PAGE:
For the period preceding OAS availability on the BofAML High Yield Index, that is, prior to Dec. 31, 1996, I used the yield-to-maturity (YTM) difference between the BofAML High Yield Index and the BofA Treasury & Agency Index. (Yield-to-worst figures are also unavailable prior to Dec. 31, 1996.) This substitution is justified by a comparison of the YTM spread and OAS during the period in which both are available. From Dec. 31, 1996 to Dec. 31, 2014, the median monthly difference between the two versions of the spread, when OAS was in a range of 900-1,000 bps, was – remarkably enough – one basis point. (The YTM version was higher by that amount.) As a point of interest, the gap increased as OAS declined.
Note, in addition, that the inception date of the BofAML Non-Distressed High Yield Index and the BofAML Distressed High Yield Index is, you guessed it, Dec. 31, 1996, so returns are not available on those indexes for the first two trials depicted in the table. Finally, the high-yield market had just one cyclical low in the early 1990s, but the high-yield spread exited the distressed zone twice. After falling below 1,000 bps on Dec. 24, 1990, the spread later rose above that threshold before definitively dropping below it on Feb. 12, 1991. (The first trial in the table commences after the market’s closure for Christmas on Dec. 25, 1990.)
In all five trials high-yield outperformed governments by at least 5.10 percentage points and in the most extreme case, by 13.28 percentage points. Note that these are non-annualized, three-month returns. On an annualized basis, the high-yield returns during the five episodes documented here ranged from 30.32-78.99%. High-yield similarly outperformed IG corporates every single time, by margins ranging from 2.75-12.13 percentage points.
In the three trials in which returns are broken out by distressed and non-distressed, dynamic asset allocators following the 1,000 bps rule and achieving average results would have beaten governments by 2.51 to 4.90 percentage points without needing to own a single distressed issue. The non-distressed high-yield performance edge over IG corporates was likewise substantial in both 2001 and 2009. Naturally, coming off the bottom, the distressed component of the high-yield market turned in exceptionally high returns, ranging from 63.29-174.40% in annualized terms.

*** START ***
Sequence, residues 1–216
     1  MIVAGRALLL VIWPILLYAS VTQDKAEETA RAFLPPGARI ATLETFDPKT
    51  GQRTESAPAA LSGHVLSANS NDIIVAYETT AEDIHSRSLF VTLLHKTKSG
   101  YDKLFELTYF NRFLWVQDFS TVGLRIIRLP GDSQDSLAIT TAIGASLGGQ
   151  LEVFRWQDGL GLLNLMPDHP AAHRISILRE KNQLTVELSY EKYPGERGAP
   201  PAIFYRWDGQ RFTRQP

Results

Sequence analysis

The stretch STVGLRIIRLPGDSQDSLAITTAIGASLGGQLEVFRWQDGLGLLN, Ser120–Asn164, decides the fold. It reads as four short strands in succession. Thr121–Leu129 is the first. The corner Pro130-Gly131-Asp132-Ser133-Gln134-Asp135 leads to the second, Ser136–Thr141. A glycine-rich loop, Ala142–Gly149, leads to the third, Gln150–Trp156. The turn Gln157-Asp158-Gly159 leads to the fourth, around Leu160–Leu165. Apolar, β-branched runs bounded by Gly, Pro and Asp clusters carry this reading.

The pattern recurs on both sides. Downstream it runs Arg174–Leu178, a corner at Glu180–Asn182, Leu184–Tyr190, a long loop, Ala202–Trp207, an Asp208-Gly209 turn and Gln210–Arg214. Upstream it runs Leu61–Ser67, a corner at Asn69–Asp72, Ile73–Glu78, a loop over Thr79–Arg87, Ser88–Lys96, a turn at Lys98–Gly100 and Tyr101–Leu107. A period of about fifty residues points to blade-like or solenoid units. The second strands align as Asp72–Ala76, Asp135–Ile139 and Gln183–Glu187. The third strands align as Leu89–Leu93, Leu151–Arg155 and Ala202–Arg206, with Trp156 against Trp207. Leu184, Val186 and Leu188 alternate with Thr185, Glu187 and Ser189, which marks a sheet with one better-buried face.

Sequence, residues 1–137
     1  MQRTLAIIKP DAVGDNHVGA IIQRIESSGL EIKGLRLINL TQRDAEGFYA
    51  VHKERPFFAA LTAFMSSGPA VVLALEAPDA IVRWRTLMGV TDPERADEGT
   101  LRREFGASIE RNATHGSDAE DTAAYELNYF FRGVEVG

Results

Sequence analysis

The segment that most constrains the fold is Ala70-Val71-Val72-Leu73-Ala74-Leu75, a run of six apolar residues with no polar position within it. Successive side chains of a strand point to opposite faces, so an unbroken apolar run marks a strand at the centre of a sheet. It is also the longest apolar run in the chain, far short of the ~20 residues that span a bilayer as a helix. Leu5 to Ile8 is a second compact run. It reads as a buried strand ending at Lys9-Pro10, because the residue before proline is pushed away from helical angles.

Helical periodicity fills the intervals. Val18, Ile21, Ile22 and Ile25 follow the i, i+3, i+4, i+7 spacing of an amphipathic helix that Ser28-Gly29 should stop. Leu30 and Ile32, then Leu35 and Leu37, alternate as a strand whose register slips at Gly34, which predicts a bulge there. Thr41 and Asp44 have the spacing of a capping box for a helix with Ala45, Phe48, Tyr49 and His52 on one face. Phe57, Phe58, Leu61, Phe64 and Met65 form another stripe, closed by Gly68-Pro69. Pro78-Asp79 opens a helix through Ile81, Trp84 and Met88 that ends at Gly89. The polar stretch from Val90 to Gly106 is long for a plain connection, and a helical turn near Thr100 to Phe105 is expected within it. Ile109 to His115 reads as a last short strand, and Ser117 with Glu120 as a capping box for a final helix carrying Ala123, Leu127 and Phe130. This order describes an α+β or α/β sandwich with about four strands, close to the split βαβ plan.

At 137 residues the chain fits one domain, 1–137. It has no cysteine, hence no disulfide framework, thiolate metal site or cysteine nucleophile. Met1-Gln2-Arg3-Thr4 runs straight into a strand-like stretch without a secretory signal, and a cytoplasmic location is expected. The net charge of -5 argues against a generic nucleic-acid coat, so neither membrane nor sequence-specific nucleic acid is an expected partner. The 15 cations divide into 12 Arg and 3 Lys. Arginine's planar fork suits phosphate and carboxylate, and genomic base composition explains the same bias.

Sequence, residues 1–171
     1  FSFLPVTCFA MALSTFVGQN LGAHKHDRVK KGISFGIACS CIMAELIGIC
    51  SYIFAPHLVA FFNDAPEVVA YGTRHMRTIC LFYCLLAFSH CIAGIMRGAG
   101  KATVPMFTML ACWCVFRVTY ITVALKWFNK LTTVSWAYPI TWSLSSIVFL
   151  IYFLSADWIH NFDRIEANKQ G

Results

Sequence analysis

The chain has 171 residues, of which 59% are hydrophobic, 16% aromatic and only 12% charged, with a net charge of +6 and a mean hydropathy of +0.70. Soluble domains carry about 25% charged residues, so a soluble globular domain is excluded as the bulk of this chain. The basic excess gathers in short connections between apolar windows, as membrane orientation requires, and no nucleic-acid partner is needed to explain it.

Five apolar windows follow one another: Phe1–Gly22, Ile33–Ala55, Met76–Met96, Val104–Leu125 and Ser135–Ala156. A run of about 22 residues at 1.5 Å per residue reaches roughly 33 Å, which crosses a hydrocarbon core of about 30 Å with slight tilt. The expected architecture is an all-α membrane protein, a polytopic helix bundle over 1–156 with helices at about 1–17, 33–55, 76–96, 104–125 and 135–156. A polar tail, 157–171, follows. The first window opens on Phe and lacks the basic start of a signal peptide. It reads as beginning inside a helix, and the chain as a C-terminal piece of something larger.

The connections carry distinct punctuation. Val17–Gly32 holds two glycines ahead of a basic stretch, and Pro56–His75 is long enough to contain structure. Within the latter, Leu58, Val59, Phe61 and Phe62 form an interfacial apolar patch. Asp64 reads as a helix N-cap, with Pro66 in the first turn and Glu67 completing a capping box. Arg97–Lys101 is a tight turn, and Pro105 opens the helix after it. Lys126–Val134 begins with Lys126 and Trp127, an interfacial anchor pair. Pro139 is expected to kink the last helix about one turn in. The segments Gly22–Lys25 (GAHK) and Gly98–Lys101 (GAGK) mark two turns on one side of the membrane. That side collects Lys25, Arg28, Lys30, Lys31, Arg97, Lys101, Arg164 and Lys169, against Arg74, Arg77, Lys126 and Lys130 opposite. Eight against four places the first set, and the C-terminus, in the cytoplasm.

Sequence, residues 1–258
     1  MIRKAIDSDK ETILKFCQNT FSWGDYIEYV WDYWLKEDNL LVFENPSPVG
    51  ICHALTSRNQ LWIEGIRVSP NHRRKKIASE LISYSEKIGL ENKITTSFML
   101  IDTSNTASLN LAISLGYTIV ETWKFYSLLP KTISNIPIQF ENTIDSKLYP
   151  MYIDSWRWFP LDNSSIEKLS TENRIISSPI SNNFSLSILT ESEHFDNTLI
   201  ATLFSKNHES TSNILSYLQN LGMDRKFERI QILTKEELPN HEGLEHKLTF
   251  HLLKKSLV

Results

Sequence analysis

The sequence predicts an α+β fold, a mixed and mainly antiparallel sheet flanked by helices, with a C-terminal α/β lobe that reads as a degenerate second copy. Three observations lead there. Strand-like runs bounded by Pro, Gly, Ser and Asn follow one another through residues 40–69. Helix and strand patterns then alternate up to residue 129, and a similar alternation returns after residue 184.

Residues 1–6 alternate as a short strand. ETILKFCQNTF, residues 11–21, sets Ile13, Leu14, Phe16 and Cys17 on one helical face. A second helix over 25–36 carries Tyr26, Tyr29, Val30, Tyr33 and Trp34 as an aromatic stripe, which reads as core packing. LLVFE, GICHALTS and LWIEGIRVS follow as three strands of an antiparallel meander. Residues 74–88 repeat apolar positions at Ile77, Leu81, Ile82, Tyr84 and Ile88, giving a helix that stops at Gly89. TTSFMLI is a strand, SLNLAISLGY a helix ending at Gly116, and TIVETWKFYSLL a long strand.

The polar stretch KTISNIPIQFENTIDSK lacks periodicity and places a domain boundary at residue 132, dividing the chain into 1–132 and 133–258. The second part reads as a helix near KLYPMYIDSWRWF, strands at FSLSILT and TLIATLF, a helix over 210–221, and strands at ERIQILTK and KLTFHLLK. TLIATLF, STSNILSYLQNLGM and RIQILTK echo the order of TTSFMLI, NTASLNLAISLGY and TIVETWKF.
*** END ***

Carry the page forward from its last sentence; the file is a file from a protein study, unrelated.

Not engineered to catch the absolute bottom
Based on an admittedly limited historical record, the simple 1,000 bps rule generates a substantial three-month performance bonus for tactical asset allocators. Adopters of the trading rule should be forewarned, however, that I have not solved the problem of precisely calling the bottom. Indeed, the high-yield OAS may narrow by hundreds of basis points, producing sizzling high-yield returns, before it finally cracks the 1,000 bps barrier.
The table below compares the high-yield returns captured by the 1,000 bps rule during the high-yield market’s four cyclical recoveries with the peak quarterly returns observed in those cycles. In 2001 the 1,000 bps rule actually produced a return slightly higher than that of the best quarter of the cyclical rebound. In the others, an asset allocator astute enough to have entered at the start of the peak quarter did materially better than followers of the 1,000 bps rule. For mere mortals, however, adding hundreds of basis points over comparable-period returns on high-quality bonds is an outstanding achievement.
Marty Fridson, Chief Investment Officer of Lehmann Livian Fridson Advisors LLC, is a contributing analyst to S&P Capital IQ. His weekly leveraged finance commentary appears exclusively on S&P Capital IQ LCD. Marty can be reached at firstname.lastname@example.org.
Research assistance by Yueying Tang and Zizhen Wang.